Our 2018 Investment Plan

Our 2018 Investment Plan

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As we continue through our first purposeful year of FIRE planning, we are sharing some high level thoughts about our investment plan for this year.

Personal Capital

We started using Personal Capital (review here) to help us keep track of our income, expenses and net worth. It has good dashboards for tracking your asset allocation and net worth. If you’re looking for a better way to stay organized, sign up and give it a try.

Traditional 401(k) Plan

The 401(k) maximums went up in 2018 from $18,000 to $18,500. We each plan to max out contributions in 2018.

  • QL has her 401(k) invested in two Vanguard funds, one large-cap and one small-cap
  • Tran has his 401(k) invested in a Vanguard S&P 500 index fund



Roth IRA

We will be funding a backdoor Roth IRA for QL. She has a small IRA from her first job, so we’ll pay taxes on that and work that into the mix. We’ll post more details about the steps for doing so once we have completed it in the coming weeks.

When we retire, the contributions (but not the gains) will be available to us before 59.5, tax free.

I will not be doing the backdoor Roth IRA as I have an IRA balance of ~$170,000. If I were to fund $5,500 in a Roth IRA this year, I’d have to pay taxes on ~97% of the $5,500. I don’t want to do that now as we are in a high marginal tax bracket. We will wait until we are in a lower tax bracket to optimize my IRA/Roth IRA mix.

Upon further research, I will be rolling my IRA into my company 401k later this year so I can do a Roth IRA conversion without further increasing my AGI. I’ll write a post later to describe the thought process and execution.

Core Brokerage Holdings

The remainder of our savings will go to our Fidelity brokerage account. We will continue to build our position in the Vanguard Total Market ETF (VTI). We also have small holdings of Vanguard Dividend Growth ETF (VIG) and iShares Dividend Growth ETF (DGRO). We like VTI because of the dividend yield and greater exposure to FANG stocks.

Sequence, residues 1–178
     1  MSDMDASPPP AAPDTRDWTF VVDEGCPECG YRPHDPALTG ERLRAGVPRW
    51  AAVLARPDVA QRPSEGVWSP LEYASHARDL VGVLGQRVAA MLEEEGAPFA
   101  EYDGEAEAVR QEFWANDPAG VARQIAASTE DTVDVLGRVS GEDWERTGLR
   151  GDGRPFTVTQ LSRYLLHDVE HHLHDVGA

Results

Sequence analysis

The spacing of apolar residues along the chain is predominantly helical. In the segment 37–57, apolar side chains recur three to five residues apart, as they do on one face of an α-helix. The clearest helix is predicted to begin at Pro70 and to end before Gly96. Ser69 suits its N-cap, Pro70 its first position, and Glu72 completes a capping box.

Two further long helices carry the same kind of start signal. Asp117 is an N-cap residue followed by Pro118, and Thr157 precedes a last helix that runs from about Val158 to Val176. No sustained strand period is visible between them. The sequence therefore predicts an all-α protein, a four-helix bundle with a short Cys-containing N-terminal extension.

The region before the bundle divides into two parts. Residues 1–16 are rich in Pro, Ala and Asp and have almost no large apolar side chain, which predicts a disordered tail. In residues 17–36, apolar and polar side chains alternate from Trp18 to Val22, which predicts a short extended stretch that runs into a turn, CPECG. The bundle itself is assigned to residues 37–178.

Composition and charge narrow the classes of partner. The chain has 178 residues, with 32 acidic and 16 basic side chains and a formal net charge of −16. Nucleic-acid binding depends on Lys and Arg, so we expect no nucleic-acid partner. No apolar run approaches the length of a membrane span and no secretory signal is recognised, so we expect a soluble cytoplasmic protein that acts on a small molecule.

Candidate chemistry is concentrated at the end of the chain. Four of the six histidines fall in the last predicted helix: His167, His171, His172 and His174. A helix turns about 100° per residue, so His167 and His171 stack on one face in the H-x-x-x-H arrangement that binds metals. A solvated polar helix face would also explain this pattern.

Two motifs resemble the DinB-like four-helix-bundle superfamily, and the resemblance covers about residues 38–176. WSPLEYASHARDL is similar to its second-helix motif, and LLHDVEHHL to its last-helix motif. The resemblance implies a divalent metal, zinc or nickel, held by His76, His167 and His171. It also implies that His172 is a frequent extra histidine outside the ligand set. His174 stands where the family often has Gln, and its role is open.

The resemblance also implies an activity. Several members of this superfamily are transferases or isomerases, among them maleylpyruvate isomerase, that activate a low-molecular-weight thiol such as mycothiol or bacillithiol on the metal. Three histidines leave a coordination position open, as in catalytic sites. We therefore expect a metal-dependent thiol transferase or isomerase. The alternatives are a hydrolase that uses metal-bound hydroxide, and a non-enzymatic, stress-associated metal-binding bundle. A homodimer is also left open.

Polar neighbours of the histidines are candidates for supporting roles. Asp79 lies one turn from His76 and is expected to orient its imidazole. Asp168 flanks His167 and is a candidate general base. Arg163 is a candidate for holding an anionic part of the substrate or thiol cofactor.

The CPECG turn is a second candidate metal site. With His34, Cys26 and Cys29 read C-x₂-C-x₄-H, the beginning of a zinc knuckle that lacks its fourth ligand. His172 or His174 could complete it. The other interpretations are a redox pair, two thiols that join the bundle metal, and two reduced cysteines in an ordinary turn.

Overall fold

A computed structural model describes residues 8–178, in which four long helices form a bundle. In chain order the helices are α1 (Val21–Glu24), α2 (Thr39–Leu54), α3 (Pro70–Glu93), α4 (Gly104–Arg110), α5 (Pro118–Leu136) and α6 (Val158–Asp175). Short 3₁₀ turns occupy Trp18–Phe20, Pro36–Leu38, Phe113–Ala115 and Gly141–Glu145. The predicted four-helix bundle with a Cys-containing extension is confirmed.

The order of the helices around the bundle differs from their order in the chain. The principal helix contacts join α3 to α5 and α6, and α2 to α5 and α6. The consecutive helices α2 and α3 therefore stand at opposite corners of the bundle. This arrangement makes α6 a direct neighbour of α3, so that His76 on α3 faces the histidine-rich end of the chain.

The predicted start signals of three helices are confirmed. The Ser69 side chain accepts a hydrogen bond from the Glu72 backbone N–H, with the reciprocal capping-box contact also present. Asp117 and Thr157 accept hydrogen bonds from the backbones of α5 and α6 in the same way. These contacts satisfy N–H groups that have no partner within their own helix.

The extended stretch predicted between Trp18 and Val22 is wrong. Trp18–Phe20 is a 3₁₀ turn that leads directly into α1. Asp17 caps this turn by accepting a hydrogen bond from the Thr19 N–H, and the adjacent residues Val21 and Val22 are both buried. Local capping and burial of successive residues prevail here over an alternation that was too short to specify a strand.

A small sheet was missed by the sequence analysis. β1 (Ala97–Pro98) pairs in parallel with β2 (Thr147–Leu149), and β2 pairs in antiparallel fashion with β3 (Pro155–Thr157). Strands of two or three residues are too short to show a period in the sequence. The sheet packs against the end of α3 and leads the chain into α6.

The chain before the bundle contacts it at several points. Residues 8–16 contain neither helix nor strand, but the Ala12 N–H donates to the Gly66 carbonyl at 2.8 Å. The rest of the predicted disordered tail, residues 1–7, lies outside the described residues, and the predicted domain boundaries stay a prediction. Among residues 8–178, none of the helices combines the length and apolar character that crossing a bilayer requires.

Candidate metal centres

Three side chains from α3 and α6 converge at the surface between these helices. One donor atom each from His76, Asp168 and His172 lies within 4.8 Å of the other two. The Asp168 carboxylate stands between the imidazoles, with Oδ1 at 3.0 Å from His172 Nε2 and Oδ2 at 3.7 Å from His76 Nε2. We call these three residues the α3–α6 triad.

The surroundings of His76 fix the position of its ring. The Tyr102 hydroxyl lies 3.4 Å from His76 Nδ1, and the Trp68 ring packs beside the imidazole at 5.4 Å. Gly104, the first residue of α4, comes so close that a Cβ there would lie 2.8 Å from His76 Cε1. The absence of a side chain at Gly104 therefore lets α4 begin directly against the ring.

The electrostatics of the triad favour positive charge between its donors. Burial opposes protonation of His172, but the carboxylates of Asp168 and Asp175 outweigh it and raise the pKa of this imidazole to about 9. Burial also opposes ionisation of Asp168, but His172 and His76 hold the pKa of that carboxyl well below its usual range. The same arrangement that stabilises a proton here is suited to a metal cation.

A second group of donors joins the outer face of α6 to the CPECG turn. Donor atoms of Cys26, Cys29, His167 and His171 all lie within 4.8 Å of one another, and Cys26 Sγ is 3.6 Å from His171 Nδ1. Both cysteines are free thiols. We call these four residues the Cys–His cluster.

I work for a broker-dealer so I have to operate within certain boundaries. If I did not have these restrictions, I would alter my behavior slightly.

  • Instead of Fidelity, I would use Vanguard as my trading platform. Vanguard provides you with 25 free trades each month if you have over $50,000 on the platform. Plus, on Vanguard, its own ETF trades are always free. At Fidelity, you have to pay $4.95 for each Vanguard ETF trade. Fidelity does give you free trades on certain ETFs from iShares, but the ETFs almost always have lower liquidity than Vanguard’s comparable ones.
  • I am unable to purchase new shares in individual companies. If I were able to do so, I would split my VTI purchases 50/50 with shares of Berkshire Hathaway (BRK.B)

Current Holdings

We have some single stocks in our portfolio that I acquired before I started working at the bank. We will be shifting out of some of those holdings and re-allocating proceeds from the sales to VTI. We will continue to hold a few individual names because we either like them or they are in a taxable account and capital gains treatment from a sale currently would be unfavorable.

Parting Thoughts

In the economic research that I read, caution is being suggested for 2018.

For example, one economist thinks the US economy today is like that of Japan in the 1980s. I understand the concern and agree with the elevated risk level, but I think our immigration policies and birth rates make our economic state incomparable to Japan’s in the 80s. Here is some birth rate data from the World Bank. Unless our birth rate starts to plunge over the next five years, I think that concern is overstated.

Also, the Fed is expected to hike 3x this year. If that does occur, the yield on the 10-year treasury should go above 3% and we should expect portfolio managers to move some of their clients’ assets away from high-yield bonds and the equity markets in favor of a better yield/risk relationship.

That said, I remain bullish on the US stock market in 2018. I think P/E multiples are higher than they actually are because earnings estimates and guidance will increase from the recent tax legislation, lowering multiples.